News Center for Dissemination & Implementation COVID-19

Why vaccine hesitancy? Newly published study assesses predictors

Written by Kim Furlow, Institute for Public Health

Photo by Jessica Podraza, Unsplash

A study published this month in the journal, Clinical Infectious Diseases, and co-authored by Director of the Center for Dissemination & Implementation at the Institute for Public Health, Elvin Geng, MD, says that the “vaccine hesitant” are composed of some who reject the vaccine and while others are reluctant yet deliberating. Those firmly against vaccination invoke categorical mistrust (e.g., don’t trust the government, don’t believe COVID-19 is serious) while the reluctant cite uncertainties and countervailing considerations (e.g., side effects, benefits of waiting and seeing).

The paper entitled, Deliberation, Dissent, and Distrust: Understanding distinct drivers of COVID-19 vaccine hesitancy in the United States outlines the study, which analyzed data from the U.S. Census Bureau and assessed predictors of vaccine hesitancy and rejection between January to March of this year.

Some key findings:

  • Hesitancy early in attitudes before widespread availability of the vaccine is strongly associated with actual lower vaccine uptake once vaccines became available at the state level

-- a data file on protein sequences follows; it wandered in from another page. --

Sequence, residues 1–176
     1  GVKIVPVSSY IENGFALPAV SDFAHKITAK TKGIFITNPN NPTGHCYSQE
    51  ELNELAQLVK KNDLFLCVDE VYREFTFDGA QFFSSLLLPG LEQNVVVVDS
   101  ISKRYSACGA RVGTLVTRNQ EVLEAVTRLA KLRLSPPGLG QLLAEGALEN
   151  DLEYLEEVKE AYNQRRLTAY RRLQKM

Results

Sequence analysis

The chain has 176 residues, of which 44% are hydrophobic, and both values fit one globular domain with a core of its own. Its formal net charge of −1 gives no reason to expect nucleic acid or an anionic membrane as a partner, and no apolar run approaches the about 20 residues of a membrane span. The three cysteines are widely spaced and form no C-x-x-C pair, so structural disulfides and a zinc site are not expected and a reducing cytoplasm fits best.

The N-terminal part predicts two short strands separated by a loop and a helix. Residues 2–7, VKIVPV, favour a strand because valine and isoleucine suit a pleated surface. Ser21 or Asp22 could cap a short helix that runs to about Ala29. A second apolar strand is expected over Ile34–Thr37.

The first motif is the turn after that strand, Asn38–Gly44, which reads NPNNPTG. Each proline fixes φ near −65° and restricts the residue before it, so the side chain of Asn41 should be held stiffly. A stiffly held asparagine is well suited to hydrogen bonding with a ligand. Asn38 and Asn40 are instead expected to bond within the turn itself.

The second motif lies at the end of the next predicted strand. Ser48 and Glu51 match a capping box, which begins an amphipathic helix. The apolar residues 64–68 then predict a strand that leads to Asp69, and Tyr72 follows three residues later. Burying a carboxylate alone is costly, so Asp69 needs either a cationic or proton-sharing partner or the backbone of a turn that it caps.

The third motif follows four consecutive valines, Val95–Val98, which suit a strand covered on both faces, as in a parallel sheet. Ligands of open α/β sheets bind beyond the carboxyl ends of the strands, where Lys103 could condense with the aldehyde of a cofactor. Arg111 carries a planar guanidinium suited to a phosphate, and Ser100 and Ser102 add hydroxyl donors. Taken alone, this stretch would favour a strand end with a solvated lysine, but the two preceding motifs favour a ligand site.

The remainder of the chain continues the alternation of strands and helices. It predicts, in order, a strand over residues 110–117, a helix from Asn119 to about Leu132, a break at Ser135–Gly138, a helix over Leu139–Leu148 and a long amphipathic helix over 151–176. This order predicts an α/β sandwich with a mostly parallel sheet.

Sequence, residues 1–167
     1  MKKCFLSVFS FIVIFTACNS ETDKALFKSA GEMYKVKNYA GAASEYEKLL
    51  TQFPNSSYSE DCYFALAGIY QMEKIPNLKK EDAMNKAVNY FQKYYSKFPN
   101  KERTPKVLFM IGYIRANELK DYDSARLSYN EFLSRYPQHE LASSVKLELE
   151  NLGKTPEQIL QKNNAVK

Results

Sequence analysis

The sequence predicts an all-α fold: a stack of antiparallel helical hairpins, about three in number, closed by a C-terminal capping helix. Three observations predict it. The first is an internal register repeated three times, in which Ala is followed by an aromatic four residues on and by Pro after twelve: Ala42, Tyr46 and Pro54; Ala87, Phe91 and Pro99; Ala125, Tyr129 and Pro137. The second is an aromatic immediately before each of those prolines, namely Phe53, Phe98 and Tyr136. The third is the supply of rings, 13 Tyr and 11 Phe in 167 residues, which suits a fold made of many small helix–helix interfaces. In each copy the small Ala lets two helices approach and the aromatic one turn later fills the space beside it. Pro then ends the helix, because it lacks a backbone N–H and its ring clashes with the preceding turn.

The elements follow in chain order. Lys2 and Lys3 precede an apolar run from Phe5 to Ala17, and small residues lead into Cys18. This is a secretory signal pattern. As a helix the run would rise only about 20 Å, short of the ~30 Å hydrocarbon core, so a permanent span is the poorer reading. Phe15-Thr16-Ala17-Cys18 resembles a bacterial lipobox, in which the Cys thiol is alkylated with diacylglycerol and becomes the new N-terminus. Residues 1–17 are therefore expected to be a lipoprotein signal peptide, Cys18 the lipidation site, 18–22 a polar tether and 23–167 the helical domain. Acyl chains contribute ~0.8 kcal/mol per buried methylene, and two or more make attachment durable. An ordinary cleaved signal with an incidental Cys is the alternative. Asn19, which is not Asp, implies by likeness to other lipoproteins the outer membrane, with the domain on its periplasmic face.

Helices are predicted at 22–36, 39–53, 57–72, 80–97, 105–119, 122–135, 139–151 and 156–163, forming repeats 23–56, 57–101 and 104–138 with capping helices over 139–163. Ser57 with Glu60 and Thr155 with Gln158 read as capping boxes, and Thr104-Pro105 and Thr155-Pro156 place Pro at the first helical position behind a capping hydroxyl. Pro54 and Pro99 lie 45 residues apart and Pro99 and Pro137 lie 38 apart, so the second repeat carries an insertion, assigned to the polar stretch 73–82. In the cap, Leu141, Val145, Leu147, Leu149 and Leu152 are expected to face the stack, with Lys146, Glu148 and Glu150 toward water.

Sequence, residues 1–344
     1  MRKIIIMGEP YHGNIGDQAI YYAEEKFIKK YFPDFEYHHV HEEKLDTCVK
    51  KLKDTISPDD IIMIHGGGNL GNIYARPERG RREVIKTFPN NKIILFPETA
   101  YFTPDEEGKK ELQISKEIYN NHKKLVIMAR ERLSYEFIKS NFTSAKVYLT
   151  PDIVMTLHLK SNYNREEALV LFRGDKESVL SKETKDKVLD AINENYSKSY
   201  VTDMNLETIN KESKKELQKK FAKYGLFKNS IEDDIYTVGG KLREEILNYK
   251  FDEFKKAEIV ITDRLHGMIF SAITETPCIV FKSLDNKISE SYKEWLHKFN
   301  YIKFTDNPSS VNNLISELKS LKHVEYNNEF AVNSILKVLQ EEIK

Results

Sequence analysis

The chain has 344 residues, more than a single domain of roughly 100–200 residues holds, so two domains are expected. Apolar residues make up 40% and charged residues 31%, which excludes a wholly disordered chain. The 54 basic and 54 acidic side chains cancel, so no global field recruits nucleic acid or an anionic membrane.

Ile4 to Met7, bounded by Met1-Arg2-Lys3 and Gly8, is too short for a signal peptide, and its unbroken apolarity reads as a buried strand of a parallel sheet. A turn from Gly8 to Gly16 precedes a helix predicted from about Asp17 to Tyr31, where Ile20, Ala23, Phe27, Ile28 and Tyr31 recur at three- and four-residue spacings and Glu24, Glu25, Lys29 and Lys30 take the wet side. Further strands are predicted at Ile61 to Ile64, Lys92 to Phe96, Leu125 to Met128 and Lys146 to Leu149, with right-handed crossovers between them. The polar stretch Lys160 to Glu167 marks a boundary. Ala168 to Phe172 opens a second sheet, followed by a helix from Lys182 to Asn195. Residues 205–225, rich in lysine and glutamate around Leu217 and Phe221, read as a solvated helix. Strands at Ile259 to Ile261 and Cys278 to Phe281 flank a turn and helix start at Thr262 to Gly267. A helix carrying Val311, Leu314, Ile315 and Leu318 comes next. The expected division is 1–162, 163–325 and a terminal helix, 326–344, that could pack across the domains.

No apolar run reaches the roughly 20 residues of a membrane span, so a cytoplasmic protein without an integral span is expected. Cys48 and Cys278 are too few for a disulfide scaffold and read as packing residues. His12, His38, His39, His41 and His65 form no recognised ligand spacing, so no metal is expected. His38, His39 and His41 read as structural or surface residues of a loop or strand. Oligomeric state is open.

• Those who are hesitant (who express doubts about vaccination) are composed of those who are reluctant but deliberating and those who are firm about rejecting the vaccine.
  • Reasons for either reluctance or rejection vary.  Those who say they will probably not receive the vaccine tended to invoke reasons such as doubts about efficacy or concern about side effects.  Those who will definitely not receive the vaccine express mistrust of the government or skepticism about the severity of COVID-19.
  • The study shows that “income, education, and state political leanings predicted vaccine hesitancy.”
  • The sociodemographic predictors of reluctance are distinct from rejection – those in the Black population and women for example, were more likely to be hesitant overall, but among the hesitant, were more likely to be reluctant and deliberative and less likely to reject the vaccine altogether.

Dr. Geng notes, “For public health to meet people where they are, we need to understand where they stand and why.  This study helps to illuminate that.”

Deliberation, Dissent, and Distrust: Understanding distinct drivers of COVID-19 vaccine hesitancy in the United States

Authors: Khai Hoan Tram, MD, Infectious Diseases fellow at the University of Washington; Sahar Saeed, PhD; Cory Bradley, PhD, MSW, MPH; Branson Fox, BA; Ingrid Eshun-Wilson, MD; Aaloke Mody, MD; Elvin Geng, MD, MPH